The salt consumption of the Japanese is simply too high - salty food is preferred there. To reduce this salt consumption, researchers have developed electric chopsticks that increase the salty taste of food by a factor of 1.5. Here is some information about this, for us, bizarre invention.
One problem in Japan is the population's high consumption of salt – which is about 10 grams of salt per day for the average Japanese adult, double the amount recommended by the World Health Organization. Accordingly, health problems such as high blood pressure and related diseases are widespread.
However, less soy sauce or salt means that the food initially tastes bland to the average Japanese. The body gets used to the reduced amount of salt and the taste buds then perceive the taste of salt better - at least in my experience, since I have been consuming little salt for many years and often moan about the too salty food outside.
Tutoring from science
The idea was that science should be able to help. The result is electric chopsticks that, according to the researchers, amplify the taste of salt by a factor of 1.5. According to a press release from Meiji University in Tokyo (Japan), the new electric chopsticks were developed in cooperation between experts from Meiji University, the Yoshinori Miyashita Laboratory of the Department of Advanced Media Studies and Japanese food manufacturer Kirin.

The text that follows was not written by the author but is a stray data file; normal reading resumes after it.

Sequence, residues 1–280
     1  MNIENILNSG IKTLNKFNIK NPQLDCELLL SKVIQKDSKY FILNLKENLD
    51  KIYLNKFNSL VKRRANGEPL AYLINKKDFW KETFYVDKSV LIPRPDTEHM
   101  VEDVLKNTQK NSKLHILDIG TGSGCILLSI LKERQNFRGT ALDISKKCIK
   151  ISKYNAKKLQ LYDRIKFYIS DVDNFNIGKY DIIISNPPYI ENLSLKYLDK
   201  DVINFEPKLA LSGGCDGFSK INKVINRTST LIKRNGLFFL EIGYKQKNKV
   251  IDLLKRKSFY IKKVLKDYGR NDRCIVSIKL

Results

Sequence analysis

A chopstick has a metal tip and is connected to an electric bracelet so that when you eat, a small electric current can flow through your tongue through your body to the bracelet. The current stimulates the taste buds, which then signal "salty" to the brain - probably anyone who has ever licked the electrical poles of a 9 volt battery with their tongue knows that, the tingling tastes slightly sour or salty.
Developer Miyashita states that the device uses a low-level electric current to move sodium ions from the food through the chopsticks into the mouth, where they create a salty sensation. "The result is a 1.5x increase in salty taste." Miyashita and his lab have explored various ways technology can interact with and stimulate human sensory experiences. He has also developed a lickable television screen that can imitate various food flavors.
Hope for reduced salt consumption
Excess sodium consumption has been linked to an increased incidence of high blood pressure, stroke and other diseases. "To prevent these diseases, we need to reduce the amount of salt we eat," Reuters quoted Kirin researcher Ai Sato as saying.
"If we try to reduce our salt intake in the traditional way, we would have to painfully give up our favorite foods or eat bland foods."
The whole thing is currently still a prototype that looks quite clumsy. Miyashita and Kirin are currently working on further developing their prototype chopstick and hope to launch it as early as next year.